ABC's Terry Moran Touts Iraqi Shoe Throwing: 'Instant Pop Culture Classic'

On Wednesday's "Nightline," co-anchor Terry Moran could barely restrain his amusement over the shoe throwing incident on Sunday involving an Iraqi journalist and President Bush, asserting that it had become an "instant pop culture classic." He later touted the shoe attack, which occurred at a press conference in Baghdad, as "a dramatic act of contempt and disapproval." [audio available here]

Reporting on the story, correspondent David Wright smugly spun the event as some sort of final judgment on President Bush's Iraq policy. As video played of the 2003 toppling of the Saddam Hussein statue, Wright sneered, "Surely, President Bush must have wanted the most memorable image from Iraq to be this: When Iraqis beat the toppled statue of Saddam with their shoes." Then, to footage of Bush having shoes tossed at him, Wright opined, "Instead, the final image of his long Iraq journey is this. The shoe is on the other foot now."

Of course, one might not expect much reasoned analysis from Mr. Wright. This is the same journalist who, on the October 15, 2002 edition of "World New Tonight," credulously repeated the high percentage of the vote that dictator Saddam Hussein somehow garnered in a previous election. He insisted, "Seven years ago, when the last referendum took place, Saddam Hussein won 99.96 percent of the vote. Of course, it is impossible to say whether that’s a true measure of the Iraqi people’s feelings."

A transcript of the December 17 segment, which aired at 11:57pm, follows:

11:35pm tease

TERRY MORAN: And sole sensation. They were the size tens heard around the world and the President's duck was anything but lame. How an Iraqi's shoe throwing insult became an instant pop culture classic.


MORAN: It was George W. Bush's final, farewell trip to Iraq as president. A surprise visit to a country that will no doubt play a huge role in the President's legacy. But the real surprise came, well, from an Iraqi journalist who stood at a press conference and fired not one but two shoes at the President in a dramatic act of contempt and disapproval. And so began the jokes. For David Wright, it's "a sign of the times".

DAVID WRIGHT: Immediately after he dodged the flying footwear, the President shrugged it off.

PRESIDENT GEORGE W. BUSH: Do not worry about it.

WRIGHT: But Mr. Bush must have been waiting for other shoes to drop.

CONAN O'BRIEN: Man, I was thinking today before the show what- what story in the news to start the opening of the shoe this evening?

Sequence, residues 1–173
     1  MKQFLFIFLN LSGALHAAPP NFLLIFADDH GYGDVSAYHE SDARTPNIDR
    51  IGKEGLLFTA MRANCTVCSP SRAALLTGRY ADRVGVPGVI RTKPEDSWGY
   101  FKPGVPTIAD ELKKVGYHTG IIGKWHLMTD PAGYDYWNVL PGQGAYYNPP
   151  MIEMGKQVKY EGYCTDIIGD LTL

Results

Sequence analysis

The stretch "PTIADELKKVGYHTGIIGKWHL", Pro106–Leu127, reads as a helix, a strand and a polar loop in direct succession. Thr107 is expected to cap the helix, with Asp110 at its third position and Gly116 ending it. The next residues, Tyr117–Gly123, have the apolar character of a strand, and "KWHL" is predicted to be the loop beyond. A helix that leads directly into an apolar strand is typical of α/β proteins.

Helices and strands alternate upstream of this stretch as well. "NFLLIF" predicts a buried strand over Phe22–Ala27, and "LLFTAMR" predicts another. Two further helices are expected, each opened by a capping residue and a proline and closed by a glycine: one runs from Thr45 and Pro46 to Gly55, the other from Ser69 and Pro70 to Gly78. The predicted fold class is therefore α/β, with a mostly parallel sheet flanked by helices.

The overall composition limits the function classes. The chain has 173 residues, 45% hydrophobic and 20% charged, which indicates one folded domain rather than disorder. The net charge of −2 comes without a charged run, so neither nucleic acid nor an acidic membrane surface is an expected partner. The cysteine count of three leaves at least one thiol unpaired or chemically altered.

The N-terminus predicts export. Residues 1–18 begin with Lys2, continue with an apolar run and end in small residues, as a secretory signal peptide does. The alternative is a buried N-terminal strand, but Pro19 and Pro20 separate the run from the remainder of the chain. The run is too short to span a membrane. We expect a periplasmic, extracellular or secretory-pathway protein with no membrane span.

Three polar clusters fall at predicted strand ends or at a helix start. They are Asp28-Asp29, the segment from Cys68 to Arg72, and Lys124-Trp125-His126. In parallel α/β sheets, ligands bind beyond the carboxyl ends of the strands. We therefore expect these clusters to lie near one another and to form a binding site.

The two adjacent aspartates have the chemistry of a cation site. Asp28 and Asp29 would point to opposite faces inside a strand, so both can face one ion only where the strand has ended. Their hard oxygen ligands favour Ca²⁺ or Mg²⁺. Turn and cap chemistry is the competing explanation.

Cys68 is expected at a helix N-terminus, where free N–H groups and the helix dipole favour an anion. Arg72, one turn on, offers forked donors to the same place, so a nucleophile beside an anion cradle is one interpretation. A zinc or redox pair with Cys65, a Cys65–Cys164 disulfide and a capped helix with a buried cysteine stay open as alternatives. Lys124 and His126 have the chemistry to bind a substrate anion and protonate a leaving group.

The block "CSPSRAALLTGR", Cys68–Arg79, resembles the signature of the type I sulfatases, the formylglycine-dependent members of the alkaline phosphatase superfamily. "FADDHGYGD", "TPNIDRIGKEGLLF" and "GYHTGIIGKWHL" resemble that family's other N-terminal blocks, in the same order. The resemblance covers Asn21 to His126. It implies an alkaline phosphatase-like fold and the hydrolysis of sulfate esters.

WRIGHT: On Conan O'Brien.

O'BRIEN: [Conan starts dodging shoes.]: Let's see if I've got what it takes. Just go for it. Come on, man.

WRIGHT: And David Letterman.

DAVID LETTERMAN: Too bad he didn't react that way with bin Laden or Katrina or bin Laden or the mortgage crisis.

WRIGHT: On Jimmy Kimmel.

JIMMY KIMMEL: This is the country we thought had nuclear weapons. It turns out- turns out, instead, they have size nine Hush Puppies instead.

WRIGHT: And Jay Leno-

JAY LENO: Did you see what he did though to keep from being hit? Something he's never done before: Lean to the left. He's never done that.

WRIGHT: The jokes flew faster than the shoes.

LENO: The shoe throwing was immediately arrested and then offered his own show on MSNBC

WRIGHT: Even Regis and Kelly riffed about the incident.

REGIS PHILBIN: And here's what the news says, shoe-icide attempt.

WRIGHT: And on "The View," Joy Behar defended the Iraqi journalist who threw the shoes.

JOY BEHAR: It's a form of protest. It happens to be a slightly violent one. But, that's what we went to Iraq for, to create democracy. We have protests here, so, mission accomplished.

WRIGHT: Today, outside the White House, anti-war protesters set up their own shoe-throwing stall. And online, the games and the parodies re pouring in. President Bush as Austin Powers.

["Austin Powers" clip]

WRIGHT: President Bush as Austin Powers. President Bush as a character in the "Three Stooges." President Bush as one of the heroes of "The Matrix". Mr. Bush is no student of history, but maybe he watched "Sex and the City."

["Sex and the City" clip]

SARAH JESSICA PARKER: Do you know what these are? [Holds up shoes.]

UNIDENTIFIED MALE: We're not supposed to be here.

PARKER: Manolo Blahnik Mary Janes. I thought these were an urban shoe myth.

WRIGHT: Like Carrie Bradshaw, he seemed to know that shoes make a powerful fashion statement.

PRESIDENT GEORGE W. BUSH: It's one way to gain attention.

WRIGHT: In the '60's, Nikita Khrushchev got the world's attention when he banged his brogues at the U.N. In the '80s, shoes made Imelda Marcos a household name. In popular culture, shoes have had the power to charm Prince Charming and ward off the wicked witch. In real life, shoes can focus negative attention too. Think, O.J. Simpson's size 12 Bruno Mali's. Or the shoe bomber Richard Reid's high tops. Perhaps it's no surprise that a Saudi businessman is now offering $10 million for the shoes hurled at President Bush. David Letterman suggested Monday that shoes don't hit presidents, but people do.

LETTERMAN: It's the same old story. You hear this over and over again. A guy, this crazy guy goes Payless store. He purchases a pair of Rockport shoes and they didn't even do a background check on him.

WRIGHT: Surely, President Bush must have wanted the most memorable image from Iraq to be this : When Iraqis beat the toppled statue of Saddam with their shoes. Instead, the final image of his long Iraq journey is this. The shoe is on the other foot now. I'm David Wright for "Nightline" in Washington.

MORAN: Well, the whole incident must lead to some real sole searching. Our thanks to David Wright for that.

Scott Whitlock
Scott Whitlock
Scott Whitlock is the associate editor for the Media Research Center's site.